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film review—Wall Street: Money Never Sleeps

film review—Wall Street: Money Never Sleeps

I’m not a fan of sequels, by and large, but I suppose events of the past few years made it inevitable that someone would devise a followup to Oliver Stone’s Wall Street, which became a touchstone of its era. The new movie isn’t likely to have the same effect, as so many documentaries are covering the financial debacle, with more to come…but it certainly is entertaining.

Michael Douglas steps back into the role of onetime Wall Street lion Gordon Gekko as he’s released from an eight-year stretch in prison. This time around, he’s—

—more of an observer than a player, but ambitious young trader Shia LaBeouf seeks him out to pick his brain—and tell him that he’s in love with Gecko’s estranged daughter, played by Carey Mulligan.

I won’t reveal more of the story, credited to two screenwriters (Aaron Loeb and Stephen Schiff), except to remark that even in the wake of the economic bust—and America’s unprecedented bail-out of major investment banks—it is fascinating to watch high-level wheelers and dealers in action. Key among them are Josh Brolin, who is completely believable as a cocky financial wizard, and 94-year-old Eli Wallach, who gives an assured and engaging performance as one of the Old Guard of Wall Street.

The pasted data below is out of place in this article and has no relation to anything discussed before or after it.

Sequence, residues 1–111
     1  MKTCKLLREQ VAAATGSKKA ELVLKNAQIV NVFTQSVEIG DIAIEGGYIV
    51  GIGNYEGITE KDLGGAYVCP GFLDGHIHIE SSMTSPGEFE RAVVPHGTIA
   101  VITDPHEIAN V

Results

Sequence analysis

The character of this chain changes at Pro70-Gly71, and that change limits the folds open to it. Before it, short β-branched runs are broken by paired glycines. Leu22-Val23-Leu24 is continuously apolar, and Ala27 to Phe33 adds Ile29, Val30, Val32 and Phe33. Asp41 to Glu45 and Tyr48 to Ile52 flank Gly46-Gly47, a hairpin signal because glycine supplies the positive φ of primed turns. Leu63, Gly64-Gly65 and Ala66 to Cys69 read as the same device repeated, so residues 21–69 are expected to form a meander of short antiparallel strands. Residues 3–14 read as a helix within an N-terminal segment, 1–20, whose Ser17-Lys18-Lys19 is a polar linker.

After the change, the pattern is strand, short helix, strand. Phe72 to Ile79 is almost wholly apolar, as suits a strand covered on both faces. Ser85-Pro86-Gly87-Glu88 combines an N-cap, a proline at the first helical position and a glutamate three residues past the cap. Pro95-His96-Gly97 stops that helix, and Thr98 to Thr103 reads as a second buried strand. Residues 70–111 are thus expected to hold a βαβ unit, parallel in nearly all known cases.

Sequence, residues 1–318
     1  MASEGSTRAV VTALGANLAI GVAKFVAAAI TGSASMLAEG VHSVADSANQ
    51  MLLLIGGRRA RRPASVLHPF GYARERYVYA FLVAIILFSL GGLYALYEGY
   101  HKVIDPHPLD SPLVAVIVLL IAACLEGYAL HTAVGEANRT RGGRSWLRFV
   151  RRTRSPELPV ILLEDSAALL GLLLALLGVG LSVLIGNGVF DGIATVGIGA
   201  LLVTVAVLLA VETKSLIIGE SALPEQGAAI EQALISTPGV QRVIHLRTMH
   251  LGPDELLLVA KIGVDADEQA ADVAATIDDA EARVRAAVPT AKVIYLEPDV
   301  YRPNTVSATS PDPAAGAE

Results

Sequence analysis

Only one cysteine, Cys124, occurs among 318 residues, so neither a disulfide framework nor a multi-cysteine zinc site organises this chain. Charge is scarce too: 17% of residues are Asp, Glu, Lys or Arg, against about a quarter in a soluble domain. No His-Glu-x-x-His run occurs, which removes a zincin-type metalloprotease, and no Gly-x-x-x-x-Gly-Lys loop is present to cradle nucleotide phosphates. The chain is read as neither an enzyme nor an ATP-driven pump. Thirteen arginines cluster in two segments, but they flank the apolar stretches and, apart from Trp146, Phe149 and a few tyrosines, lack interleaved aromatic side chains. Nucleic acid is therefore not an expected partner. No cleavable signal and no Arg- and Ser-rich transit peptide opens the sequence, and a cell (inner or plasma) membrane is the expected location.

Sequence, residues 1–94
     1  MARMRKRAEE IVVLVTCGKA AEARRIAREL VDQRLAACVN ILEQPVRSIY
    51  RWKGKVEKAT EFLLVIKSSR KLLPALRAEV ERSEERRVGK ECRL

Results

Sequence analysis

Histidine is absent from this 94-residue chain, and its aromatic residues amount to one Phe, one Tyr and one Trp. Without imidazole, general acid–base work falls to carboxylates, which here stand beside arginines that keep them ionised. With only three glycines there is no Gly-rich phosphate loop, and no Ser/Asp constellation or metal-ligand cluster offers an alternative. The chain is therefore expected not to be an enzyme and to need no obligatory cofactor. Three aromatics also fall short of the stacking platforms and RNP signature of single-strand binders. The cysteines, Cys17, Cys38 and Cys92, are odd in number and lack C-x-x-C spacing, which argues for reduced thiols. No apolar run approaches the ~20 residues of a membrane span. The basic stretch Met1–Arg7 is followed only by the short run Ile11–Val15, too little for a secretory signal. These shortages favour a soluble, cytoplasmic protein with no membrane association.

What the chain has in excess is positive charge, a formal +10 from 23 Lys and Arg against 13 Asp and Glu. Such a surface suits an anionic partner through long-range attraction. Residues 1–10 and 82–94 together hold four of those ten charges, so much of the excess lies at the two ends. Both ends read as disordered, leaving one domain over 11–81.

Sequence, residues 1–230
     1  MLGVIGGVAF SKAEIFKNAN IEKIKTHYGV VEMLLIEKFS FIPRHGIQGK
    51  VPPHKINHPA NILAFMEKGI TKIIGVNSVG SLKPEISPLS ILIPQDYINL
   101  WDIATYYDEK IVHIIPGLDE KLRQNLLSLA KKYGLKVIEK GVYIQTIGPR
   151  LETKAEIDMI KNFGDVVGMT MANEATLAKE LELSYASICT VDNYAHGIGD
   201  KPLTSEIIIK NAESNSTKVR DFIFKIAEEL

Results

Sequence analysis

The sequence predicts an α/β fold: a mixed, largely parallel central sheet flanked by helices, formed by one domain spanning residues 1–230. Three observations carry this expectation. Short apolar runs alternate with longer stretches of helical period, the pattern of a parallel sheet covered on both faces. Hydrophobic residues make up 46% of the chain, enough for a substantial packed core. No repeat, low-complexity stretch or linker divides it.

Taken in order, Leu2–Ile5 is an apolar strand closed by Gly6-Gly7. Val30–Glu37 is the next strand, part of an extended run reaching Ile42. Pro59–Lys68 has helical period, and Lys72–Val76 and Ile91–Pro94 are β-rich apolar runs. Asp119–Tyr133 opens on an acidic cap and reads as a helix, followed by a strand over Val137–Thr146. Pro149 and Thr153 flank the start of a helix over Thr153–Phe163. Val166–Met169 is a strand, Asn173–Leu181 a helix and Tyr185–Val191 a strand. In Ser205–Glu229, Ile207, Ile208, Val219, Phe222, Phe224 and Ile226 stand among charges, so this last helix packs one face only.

All of this is presented in a handsome, high-energy production, shot by Rodrigo Prieto on location in New York; Manhattan has never looked more stylish.

The film isn’t perfect: it goes on too long, and the female characters (Mulligan and Susan Sarandon, as LaBeouf’s mother) are woefully underwritten. Worst of all is the final scene, which tries to wrap all the story strands together in a hopeless bit of contrivance.

But those shortcomings can’t, and don’t, rob the film of its substantial entertainment value. Wall Street: Money Never Sleeps has momentum to burn, clever plotting, and strong performances. It’s well worth seeing.

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